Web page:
08 April 2008

On personal preferences in learning

Not "learning styles"! That idea is useless and counter-productive, but nonetheless people do have preferences about how they learn best.

And the material on my sites certainly appeals to some of them; I'm lucky enough receive a handful of emails most days from readers who have taken the trouble to say they have found them useful. Some of them compare my work favourably with other material, not infrequently "official" material from a college or university. It's flattering, but in the interests of dispassionate evaluation it needs to be approached critically. Here's how I responded to one such email today—
"How nice of you to get in touch! Feedback like yours is always encouraging, and much appreciated.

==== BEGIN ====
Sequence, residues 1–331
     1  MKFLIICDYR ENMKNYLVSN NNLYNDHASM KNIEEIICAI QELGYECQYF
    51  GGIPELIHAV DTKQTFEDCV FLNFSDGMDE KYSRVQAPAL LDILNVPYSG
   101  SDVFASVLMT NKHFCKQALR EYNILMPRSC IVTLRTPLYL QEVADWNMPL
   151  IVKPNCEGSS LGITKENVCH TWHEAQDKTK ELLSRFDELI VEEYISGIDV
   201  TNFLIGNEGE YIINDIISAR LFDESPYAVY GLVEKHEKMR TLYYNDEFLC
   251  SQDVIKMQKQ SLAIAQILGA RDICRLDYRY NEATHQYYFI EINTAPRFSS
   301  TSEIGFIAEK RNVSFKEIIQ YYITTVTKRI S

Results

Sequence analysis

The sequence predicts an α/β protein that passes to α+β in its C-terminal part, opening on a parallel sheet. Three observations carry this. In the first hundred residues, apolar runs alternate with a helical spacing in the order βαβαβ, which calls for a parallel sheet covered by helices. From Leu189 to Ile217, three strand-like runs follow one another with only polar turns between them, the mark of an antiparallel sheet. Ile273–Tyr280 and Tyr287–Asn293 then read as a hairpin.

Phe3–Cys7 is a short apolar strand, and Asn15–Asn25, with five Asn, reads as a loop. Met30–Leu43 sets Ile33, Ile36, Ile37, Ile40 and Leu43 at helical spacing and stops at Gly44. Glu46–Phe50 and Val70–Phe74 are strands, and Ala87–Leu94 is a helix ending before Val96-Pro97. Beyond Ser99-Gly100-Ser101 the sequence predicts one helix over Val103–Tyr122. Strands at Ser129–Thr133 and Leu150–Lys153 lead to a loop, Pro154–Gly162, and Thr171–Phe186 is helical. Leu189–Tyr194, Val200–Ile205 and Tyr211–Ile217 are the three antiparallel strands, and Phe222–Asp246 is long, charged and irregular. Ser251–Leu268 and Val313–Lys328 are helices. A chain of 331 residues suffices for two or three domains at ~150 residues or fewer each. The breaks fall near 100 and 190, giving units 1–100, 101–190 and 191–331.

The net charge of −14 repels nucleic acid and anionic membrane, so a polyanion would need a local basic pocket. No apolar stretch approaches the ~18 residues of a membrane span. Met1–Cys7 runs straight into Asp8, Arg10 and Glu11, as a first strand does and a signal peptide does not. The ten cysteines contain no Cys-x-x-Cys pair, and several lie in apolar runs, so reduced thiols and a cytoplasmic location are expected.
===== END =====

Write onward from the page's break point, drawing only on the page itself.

But don't be too hard on [the university]! There's a lesson in all this...
  • You turned to my page after wrestling with their material. It's quite possible that had they not laid the foundations you would not have been able to make sense of it with the help of my page.

  • And quite possibly you looked at a few other pages before settling on mine; it just so happened that my approach clicked with you, just as I'm sure it fails to do with lots of other people who never tell me about it.
It has always been thus in teaching!

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Comments welcome, but I am afraid I have had to turn moderation back on, because of inappropriate use. Even so, I shall process them as soon as I can.